The Terracotta Army

The Terracotta Army or the “Terra Cotta Warriors and Horses”, is a collection of terracotta sculptures depicting the armies of Qin Shi Huang, the first Emperor of China. It is a form of funerary art buried with the emperor in 210–209 BC and whose purpose was to protect the emperor in his afterlife.

The figures, dating from 3rd century BC, were discovered in 1974 by some local farmers in Lintong District, Xi’an, Shaanxi province, near the Mausoleum of the First Qin Emperor.

The figures vary in height according to their roles, with the tallest being the generals. The figures include warriors, chariots and horses. Current estimates are that in the three pits containing the Terracotta Army there were over 8,000 soldiers, 130 chariots with 520 horses and 150 cavalry horses, the majority of which are still buried in the pits.[Other terracotta non-military figures were also found in other pits and they include officials, acrobats, strongmen and musicians.


Jacob Cass

Jacob Cass, at the prime age of just 22 has already received numerous regional, national and international design awards for his work in identity, web & graphic design. Cass has worked with the largest brands out there (Disney, Redbull & Nike just to name a few) creating visual & interactive designs across a broad range of devices. Cass’ work appears in a number of high profile design related books & websites including The Best of Logo Loungeand the Wolda Logo Design Annual, among many others. When not winning awards, Cass runs the wildly popular graphic design blog Just Creative Design which doubles as his freelance design business. Cass also runs the website Logo Designer Blog, a blog dedicated entirely to branding & logo design. Cass also runs Logo Of The Day, a high profile logo design award scheme that rewards the best professional logos and trademarks designed throughout the world.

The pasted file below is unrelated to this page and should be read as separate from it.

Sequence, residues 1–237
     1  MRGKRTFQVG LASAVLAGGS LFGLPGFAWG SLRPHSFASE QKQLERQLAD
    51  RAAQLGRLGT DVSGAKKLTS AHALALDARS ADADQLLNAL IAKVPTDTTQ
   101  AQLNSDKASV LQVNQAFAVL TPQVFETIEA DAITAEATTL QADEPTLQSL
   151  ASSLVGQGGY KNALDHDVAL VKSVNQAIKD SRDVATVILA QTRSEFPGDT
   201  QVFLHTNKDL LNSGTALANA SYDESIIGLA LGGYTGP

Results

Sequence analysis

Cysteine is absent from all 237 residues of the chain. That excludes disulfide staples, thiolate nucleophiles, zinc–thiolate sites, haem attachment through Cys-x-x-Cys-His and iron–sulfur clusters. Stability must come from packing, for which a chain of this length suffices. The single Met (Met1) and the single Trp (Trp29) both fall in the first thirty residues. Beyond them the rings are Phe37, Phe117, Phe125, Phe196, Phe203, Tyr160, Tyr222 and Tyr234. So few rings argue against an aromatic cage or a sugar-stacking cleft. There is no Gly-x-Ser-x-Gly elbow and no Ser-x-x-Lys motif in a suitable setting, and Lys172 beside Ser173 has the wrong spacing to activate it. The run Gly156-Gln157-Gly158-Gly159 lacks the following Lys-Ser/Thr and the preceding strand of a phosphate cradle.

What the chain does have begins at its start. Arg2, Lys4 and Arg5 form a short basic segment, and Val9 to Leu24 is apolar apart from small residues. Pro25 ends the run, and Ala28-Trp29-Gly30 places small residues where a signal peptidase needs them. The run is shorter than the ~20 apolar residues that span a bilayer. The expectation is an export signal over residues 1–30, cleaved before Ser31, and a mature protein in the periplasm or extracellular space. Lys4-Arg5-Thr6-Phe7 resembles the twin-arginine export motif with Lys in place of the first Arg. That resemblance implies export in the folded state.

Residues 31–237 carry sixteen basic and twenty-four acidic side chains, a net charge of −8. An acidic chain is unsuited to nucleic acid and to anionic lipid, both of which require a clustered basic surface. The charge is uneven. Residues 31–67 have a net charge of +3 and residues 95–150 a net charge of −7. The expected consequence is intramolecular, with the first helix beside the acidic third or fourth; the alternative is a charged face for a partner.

“I am self-employed as a graphic designer, specialising in the fields of corporate identity (logo) design, web design, print design and branding with the majority of my time spent designing and implementing marketing promotions for businesses such as logos, websites, letterhead, business cards, packaging and more.” Jacob Cass

Reid Miles

Reid Miles (4 July 1927 – 2 February 1993) was an American graphic designer and photographer.

Reid Miles was born in Chicago on 4 July 1927 but, following the Stock Market Crash and the separation of his parents, moved with his mother to Long Beach, California in 1929.

After high school Miles joined the Navy and, following his discharge, moved to Los Angeles to enrol at Chouinard Art Institute.

After working in New York in the early 1950s for John Hermansader and Esquire magazine,Miles was hired in his own right by Francis Wolff of the jazz record label Blue Note to design album covers from about 1955, when the label began releasing their recordings on 12″ LPs. Miles designed several hundred covers, frequently incorporating the session photographs of Francis Wolff and, later, his own photographs, although many of his later designs dispensed entirely with photographs. Miles wasn’t particularly interested in jazz, professing to have much more of an interest in classical music, but used the descriptions of the sessions relayed to him by producer Alfred Lion to create the artwork.

Lion’s retirement as a record producer in 1967 coincided with the end of Miles’ connection with Blue Note. “Fifty Bucks an album…they loved it, thought it was modern, they thought it went with the music…one or two colors to work with at that time and some outrageous graphics!”.

As a photographer, operated a studio in Los Angeles, California. Many of his most famous shots were elaborate montages of people and group photographs. Reminiscent of Norman Rockwell.

Saul Bass

Saul Bass (May 8, 1920 – April 25, 1996) was a graphic designer and filmmaker, best known for his design of motion picturetitle sequences.

During his 40-year career Bass worked for some of Hollywood’s greatest filmmakers, including Alfred Hitchcock, Otto Preminger,Billy Wilder, Stanley Kubrick and Martin Scorsese. Amongst his most famous title sequences are the animated paper cut-out of a heroin addict’s arm for Preminger’s The Man with the Golden Arm, the credits racing up and down what eventually becomes a high-angle shot of the United Nations building in Hitchcock’s North by Northwest, and the disjointed text that races together and apart in Psycho.

Bass designed some of the most iconic corporate logos in North America, including the AT&T “bell” logo in 1969, as well asAT&T’s “globe” logo in 1983 after the breakup of the Bell System. He also designed Continental Airlines’ 1968 “jetstream” logo and United Airlines’ 1974 “tulip” logo which became some of the most recognized airline industry logos of the era.